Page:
Any normal person, regardless of their affiliation, would condemn vandalism and destruction of property, right? Well, apparently not everyone. Chrissy Satterfield of WorldNetDaily thinks the vandals are heroes for sticking it to the atheists. She says,
I would like to extend my deepest thanks to the man or woman responsible for this vandalism. I appreciate the action you took. Thank you for reminding me that I'm not alone. It took a lot of guts to do what you did – and the fact that you haven't stepped forward to take credit makes you a hero.
A hero indeed. Some heroes defend our nation on the front lines of battle, and others defend it with a can of spray paint in the middle of the night. Onward, Christian soldiers.
Chrissy Satterfield also asks, "How is this billboard not offensive to me?" And she's right. I feel really terrible that Chrissy Satterfield, along with countless other Christians in North Carolina, had to be exposed to a quote from the Pledge of Allegiance as it was originally written. This billboard went too far. Atheists have no right to make their presence known on a billboard, especially not on the Fourth of July, and especially not on a street named after Billy Graham. Do they have no respect for our country or its Christian leaders? If atheists want to exercise their freedom of expression with a billboard, they should do it on a back road somewhere where nobody can see it, and they certainly shouldn't imply that they can be patriotic Americans just like religious folks. Talk about wolves in sheep's clothing! In a way, it was every patriotic American's duty to vandalize this billboard, to make sure America stays #1.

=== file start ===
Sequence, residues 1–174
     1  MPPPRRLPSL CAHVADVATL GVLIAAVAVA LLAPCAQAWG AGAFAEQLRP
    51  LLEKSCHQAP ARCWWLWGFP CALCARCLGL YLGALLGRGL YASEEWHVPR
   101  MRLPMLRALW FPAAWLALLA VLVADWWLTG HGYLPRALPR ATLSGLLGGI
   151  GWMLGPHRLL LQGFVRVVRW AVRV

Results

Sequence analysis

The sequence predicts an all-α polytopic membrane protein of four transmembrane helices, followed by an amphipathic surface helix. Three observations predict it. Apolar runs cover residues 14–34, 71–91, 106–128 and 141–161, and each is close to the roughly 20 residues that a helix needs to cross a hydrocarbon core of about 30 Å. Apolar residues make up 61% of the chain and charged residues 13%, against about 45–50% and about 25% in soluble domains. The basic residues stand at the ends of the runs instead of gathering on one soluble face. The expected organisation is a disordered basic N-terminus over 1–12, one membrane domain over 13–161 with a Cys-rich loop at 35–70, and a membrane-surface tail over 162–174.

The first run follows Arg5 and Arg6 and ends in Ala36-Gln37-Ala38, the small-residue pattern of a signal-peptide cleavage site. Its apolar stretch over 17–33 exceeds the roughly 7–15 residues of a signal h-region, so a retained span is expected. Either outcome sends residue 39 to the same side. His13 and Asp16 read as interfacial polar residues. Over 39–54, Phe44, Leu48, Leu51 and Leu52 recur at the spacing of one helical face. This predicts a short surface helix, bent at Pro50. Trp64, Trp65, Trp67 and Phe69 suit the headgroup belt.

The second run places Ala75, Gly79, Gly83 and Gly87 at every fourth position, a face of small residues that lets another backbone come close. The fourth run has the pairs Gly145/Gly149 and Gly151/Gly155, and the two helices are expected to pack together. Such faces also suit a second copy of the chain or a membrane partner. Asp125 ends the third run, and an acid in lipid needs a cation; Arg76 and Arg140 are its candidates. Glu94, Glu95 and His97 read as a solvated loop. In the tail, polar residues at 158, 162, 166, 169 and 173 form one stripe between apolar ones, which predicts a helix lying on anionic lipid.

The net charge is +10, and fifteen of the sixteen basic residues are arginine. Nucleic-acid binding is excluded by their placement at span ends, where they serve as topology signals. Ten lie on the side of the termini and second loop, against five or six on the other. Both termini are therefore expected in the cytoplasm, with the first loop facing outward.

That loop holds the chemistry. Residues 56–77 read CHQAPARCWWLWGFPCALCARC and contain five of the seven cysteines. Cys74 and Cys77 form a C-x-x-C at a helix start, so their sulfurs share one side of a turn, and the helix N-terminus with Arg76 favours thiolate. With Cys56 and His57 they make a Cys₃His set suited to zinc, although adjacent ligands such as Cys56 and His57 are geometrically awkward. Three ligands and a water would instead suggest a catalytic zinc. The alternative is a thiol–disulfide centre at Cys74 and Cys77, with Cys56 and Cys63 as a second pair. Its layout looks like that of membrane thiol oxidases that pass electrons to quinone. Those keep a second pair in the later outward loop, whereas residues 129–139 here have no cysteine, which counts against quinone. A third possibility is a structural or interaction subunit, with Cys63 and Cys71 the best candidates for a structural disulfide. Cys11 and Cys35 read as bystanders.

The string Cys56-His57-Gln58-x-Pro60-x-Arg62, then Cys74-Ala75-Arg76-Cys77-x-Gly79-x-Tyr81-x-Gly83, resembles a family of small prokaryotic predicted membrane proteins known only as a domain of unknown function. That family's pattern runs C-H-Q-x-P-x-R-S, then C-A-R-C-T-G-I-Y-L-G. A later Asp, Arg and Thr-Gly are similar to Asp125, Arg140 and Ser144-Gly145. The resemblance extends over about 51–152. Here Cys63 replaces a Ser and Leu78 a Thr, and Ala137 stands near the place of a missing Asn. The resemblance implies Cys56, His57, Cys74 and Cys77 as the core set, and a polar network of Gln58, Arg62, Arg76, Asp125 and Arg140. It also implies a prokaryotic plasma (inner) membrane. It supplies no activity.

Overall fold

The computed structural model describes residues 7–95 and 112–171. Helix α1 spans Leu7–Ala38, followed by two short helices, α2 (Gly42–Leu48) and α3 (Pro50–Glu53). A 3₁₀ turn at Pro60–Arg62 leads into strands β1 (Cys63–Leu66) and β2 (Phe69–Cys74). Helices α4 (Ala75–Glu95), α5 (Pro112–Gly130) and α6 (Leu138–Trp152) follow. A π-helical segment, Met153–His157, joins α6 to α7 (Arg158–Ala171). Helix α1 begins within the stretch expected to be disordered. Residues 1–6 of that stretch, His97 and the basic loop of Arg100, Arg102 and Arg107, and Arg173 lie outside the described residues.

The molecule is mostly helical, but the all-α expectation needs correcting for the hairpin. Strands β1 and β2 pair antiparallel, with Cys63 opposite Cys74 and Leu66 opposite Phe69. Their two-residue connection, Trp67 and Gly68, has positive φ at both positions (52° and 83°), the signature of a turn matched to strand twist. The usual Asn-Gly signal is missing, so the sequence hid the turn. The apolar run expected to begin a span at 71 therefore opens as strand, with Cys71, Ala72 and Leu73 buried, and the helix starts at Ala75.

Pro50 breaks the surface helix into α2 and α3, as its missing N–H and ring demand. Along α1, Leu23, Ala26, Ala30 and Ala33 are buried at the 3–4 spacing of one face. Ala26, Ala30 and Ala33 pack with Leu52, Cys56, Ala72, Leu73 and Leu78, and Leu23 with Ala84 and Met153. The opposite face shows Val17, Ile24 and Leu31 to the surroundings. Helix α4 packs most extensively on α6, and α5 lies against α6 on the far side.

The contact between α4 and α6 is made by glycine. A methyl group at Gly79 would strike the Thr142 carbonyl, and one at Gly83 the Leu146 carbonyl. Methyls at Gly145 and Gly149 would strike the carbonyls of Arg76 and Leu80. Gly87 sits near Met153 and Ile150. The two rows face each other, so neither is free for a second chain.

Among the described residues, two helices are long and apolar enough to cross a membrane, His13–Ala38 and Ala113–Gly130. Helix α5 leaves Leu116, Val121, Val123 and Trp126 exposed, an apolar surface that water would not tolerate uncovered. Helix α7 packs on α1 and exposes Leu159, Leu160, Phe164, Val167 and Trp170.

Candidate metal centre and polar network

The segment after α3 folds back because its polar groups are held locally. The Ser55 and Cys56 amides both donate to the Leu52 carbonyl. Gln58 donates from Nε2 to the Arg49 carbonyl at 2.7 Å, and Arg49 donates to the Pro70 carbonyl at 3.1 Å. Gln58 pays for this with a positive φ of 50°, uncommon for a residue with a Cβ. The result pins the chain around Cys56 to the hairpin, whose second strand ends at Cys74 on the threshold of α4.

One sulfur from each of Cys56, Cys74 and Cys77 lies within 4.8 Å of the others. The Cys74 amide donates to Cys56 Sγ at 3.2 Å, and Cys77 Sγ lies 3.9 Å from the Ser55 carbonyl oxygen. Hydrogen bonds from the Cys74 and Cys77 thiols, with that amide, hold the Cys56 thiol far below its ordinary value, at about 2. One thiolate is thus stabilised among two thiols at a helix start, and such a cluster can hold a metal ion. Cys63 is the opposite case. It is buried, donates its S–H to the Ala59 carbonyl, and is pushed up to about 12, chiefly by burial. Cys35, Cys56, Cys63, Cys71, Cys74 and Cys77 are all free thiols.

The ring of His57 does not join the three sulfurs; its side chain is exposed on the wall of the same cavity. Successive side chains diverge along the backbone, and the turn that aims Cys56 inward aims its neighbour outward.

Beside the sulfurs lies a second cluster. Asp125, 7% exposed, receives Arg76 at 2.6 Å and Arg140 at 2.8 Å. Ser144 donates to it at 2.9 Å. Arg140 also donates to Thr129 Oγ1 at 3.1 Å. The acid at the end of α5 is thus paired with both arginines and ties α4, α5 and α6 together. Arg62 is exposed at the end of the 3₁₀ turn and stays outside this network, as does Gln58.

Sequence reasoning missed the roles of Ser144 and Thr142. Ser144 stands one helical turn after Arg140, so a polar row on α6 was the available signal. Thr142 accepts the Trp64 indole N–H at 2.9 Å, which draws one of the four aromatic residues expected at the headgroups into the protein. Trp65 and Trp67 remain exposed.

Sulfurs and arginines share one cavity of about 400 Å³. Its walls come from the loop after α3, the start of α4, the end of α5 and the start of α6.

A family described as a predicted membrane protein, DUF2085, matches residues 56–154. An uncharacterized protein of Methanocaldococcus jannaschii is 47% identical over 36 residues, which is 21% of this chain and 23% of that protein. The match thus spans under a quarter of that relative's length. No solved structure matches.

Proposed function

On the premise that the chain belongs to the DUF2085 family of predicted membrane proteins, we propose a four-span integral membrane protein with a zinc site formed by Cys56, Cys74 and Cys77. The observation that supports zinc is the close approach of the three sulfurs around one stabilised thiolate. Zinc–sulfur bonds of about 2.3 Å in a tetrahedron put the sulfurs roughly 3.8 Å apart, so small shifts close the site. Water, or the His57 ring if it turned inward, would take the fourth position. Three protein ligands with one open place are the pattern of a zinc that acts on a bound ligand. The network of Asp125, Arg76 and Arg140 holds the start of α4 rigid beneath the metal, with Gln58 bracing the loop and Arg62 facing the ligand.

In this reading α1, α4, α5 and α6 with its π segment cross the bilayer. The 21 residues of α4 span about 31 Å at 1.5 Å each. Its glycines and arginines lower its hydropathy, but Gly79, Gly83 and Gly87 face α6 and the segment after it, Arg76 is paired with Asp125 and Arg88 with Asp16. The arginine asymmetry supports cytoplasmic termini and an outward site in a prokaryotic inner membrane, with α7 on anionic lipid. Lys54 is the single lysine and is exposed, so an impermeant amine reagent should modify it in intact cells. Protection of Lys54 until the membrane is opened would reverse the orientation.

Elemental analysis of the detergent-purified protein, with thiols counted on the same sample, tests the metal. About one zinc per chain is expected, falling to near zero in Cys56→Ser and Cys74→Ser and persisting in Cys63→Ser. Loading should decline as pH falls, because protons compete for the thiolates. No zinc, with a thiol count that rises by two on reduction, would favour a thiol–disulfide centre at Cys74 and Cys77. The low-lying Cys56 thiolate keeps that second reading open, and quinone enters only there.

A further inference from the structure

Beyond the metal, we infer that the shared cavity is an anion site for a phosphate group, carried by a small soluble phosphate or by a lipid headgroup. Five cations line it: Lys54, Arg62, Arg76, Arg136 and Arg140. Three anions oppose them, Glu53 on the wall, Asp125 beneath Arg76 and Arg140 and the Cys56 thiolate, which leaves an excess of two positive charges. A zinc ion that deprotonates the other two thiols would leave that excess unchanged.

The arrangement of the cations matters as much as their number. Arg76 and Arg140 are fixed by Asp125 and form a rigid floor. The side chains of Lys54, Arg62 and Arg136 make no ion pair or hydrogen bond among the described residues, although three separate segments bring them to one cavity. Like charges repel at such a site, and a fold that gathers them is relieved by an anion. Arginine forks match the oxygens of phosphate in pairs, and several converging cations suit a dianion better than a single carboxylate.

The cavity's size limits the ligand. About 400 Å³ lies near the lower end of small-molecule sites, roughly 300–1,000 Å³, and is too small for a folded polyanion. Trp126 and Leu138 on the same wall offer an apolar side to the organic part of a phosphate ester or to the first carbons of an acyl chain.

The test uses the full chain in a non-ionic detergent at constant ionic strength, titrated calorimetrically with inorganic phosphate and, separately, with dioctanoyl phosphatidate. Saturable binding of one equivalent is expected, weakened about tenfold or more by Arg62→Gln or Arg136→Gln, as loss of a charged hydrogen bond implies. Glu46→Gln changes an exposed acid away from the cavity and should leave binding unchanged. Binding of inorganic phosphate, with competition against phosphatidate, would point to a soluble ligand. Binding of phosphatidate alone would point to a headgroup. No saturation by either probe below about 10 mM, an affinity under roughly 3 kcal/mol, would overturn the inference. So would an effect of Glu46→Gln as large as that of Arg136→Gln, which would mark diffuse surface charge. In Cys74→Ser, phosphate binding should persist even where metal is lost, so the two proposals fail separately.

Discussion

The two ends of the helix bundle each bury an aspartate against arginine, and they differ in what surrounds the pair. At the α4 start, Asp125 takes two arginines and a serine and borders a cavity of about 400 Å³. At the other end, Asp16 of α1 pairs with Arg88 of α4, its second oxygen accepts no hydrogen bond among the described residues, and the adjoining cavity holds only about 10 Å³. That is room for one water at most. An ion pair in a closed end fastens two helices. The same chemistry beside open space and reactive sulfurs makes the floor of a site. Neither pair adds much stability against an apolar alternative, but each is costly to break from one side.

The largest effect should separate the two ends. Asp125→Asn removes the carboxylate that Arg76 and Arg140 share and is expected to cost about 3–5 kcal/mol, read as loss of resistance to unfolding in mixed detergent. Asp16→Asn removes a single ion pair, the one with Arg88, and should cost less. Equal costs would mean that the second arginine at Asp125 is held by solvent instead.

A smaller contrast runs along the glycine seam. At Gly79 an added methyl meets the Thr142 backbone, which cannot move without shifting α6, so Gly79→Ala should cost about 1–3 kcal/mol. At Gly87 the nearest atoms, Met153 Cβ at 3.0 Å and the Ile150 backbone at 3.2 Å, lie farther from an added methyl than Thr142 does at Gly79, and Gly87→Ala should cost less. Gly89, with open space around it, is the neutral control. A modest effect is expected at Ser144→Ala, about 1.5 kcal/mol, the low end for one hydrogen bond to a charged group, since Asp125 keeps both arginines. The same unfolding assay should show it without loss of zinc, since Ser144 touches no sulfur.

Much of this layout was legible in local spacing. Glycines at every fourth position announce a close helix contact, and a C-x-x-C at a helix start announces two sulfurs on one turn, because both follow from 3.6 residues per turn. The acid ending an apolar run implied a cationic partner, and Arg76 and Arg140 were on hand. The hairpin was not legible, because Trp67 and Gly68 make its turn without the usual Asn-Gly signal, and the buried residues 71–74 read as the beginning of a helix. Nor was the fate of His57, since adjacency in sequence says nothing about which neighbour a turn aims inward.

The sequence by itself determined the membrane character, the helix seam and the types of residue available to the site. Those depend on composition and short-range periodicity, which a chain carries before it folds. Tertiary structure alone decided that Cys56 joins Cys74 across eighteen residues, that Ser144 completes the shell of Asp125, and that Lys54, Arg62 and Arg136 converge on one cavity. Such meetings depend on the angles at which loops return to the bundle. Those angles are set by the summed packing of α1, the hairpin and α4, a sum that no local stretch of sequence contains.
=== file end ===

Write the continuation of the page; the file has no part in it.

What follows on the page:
There's a bright side, though. In the comments to the Friendly Atheist article, Ryan Tombleson wrote:
I’d hate to be the one to break it to Ms. Satterfield, but the billboard in Charlotte was repaired on the Friday before the holiday. I would also like to thank the man or woman who committed the vandalism. Because of his or her action, the billboard gained national attention and membership of CAA has exploded. We’re on pace to set a record amount of attendees at our next social meeting and will be joined by a local reporter who is covering the group. Because of someone’s ignorance, people who were stuck in the bible belt and unaware of our presence now have a place to meet other link-minded individuals. It’s a beautiful thing.
In a way, it's interesting to me that the vandalized billboard accurately reflects the Pledge of Allegiance itself: "one nation indivisible" with the words "under God" incongruously scrawled by someone who felt the need to inject their personal religion into our secular government. Thanks indeed to the Christian vandals for their clear demonstration of how the words "under God" got there in the first place.